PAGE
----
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HIV/AIDS (cont.)

How Is HIV Transmitted?

HIV is transmitted when the virus enters the body, usually by infected immune cells in blood, vaginal fluids, or semen. Having the following risk factors increases the chance a person may become infected with HIV.

  • Sex with an infected partner without using a condom or other barrier protection can transmit HIV. The virus can enter the body through the lining of the vagina, vulva, penis, rectum, or mouth during sex. Anal intercourse, followed by vaginal intercourse, are the primary risk factors. Oral sex is less likely to transmit HIV, but studies have shown that it can transmit both HIV and other sexually transmitted diseases (STDs).
  • Most sexual transmission occurs between males and females or from male to male. Case reports of female-to-female transmission of HIV are rare.
  • Injection-drug use with shared needles or syringes that are contaminated with blood from an infected person are another way the virus is spread.
  • Mother-to-baby transmission during pregnancy or birth, when infected maternal cells enter the baby's circulation, or through breastfeeding, is also a method of transmission.
  • Health-care providers in health-care settings may be infected through accidental needle sticks or contact with contaminated fluids. This accounts for only 0.3% of HIV transmission.
  • Rarely, transfusion of contaminated blood or blood components can transmit HIV. All blood products in the U.S. are screened to minimize this risk.
  • If tissues or organs from an infected person are transplanted, the recipient may acquire HIV. Because donors are screened for HIV routinely in the United States, this is quite rare.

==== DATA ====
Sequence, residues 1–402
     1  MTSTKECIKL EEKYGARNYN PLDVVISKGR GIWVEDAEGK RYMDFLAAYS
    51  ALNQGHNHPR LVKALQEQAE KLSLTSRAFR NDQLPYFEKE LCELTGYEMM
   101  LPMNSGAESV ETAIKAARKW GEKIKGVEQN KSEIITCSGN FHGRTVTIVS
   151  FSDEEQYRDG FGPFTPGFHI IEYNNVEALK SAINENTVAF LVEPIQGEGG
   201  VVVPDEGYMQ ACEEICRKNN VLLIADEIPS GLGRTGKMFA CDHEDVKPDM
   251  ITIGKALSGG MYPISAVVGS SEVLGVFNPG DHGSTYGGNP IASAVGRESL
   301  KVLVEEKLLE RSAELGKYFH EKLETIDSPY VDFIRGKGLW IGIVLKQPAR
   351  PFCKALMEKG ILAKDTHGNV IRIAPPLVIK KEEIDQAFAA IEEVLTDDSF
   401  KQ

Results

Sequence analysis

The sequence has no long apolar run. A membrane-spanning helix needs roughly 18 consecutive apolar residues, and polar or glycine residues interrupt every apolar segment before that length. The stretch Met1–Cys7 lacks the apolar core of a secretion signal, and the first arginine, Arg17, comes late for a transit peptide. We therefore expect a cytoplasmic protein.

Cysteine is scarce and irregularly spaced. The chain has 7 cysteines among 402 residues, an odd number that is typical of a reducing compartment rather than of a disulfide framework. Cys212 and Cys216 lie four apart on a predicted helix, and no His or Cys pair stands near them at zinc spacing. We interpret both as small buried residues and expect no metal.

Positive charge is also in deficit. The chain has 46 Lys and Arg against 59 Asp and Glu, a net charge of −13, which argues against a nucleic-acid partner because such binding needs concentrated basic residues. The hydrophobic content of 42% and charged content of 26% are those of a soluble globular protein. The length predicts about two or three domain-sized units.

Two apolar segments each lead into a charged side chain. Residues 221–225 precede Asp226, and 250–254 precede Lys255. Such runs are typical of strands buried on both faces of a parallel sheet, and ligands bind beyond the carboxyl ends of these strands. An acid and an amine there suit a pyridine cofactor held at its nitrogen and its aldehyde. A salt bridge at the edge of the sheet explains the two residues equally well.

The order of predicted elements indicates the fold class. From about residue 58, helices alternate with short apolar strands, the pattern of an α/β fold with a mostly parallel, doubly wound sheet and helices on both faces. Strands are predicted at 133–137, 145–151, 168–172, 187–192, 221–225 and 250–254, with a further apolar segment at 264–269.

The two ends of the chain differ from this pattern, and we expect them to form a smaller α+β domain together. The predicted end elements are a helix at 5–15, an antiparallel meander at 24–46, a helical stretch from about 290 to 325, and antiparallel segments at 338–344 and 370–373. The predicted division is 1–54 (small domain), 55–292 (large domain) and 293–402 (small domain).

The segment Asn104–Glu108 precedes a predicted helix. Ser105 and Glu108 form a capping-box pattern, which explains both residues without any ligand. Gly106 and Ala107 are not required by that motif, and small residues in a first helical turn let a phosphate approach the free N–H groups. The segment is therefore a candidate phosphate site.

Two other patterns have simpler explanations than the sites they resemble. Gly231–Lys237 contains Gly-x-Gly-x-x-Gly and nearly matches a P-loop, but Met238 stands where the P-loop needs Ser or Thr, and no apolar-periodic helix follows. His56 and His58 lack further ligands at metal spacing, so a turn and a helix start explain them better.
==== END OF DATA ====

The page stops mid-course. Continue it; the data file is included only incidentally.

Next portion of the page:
• People who already have a sexually transmitted infection, such as syphilis, genital herpes, chlamydia, human papillomavirus (HPV), gonorrhea, or bacterial vaginosis, are more likely to acquire HIV infection during sex with an infected partner.
  • In general, the higher the level of HIV in the blood (the viral load), the more likely that person is to transmit HIV. People who have HIV but have a very low or undetectable viral load (because they are on HIV medicines) are much less likely to transmit HIV. So taking HIV medication is one way to reduce the risk of infecting others. Still, HIV may be present in genital fluids in levels enough to transmit.

HIV cannot survive more than a few minutes outside the body. The virus does not spread through casual contact such as preparing food, sharing towels and bedding, or via swimming pools, telephones, sneezing, or toilet seats. Transmission through kissing alone is extremely rare.

Because of licensing and public-health inspection, it is unlikely to get HIV by getting a tattoo in a commercial shop. However, it is possible to get HIV from a reused or not properly sterilized tattoo or piercing needle or other equipment, or from contaminated ink. So it's important to know that your tattoo artist is licensed, working in a licensed and inspected facility, and posts information about their equipment sterility and procedures.

Medically Reviewed by a Doctor on 8/24/2016

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Human immunodeficiency virus (HIV) disease was first described in 1981 among 2 groups—one in San Francisco and the other in New York City.

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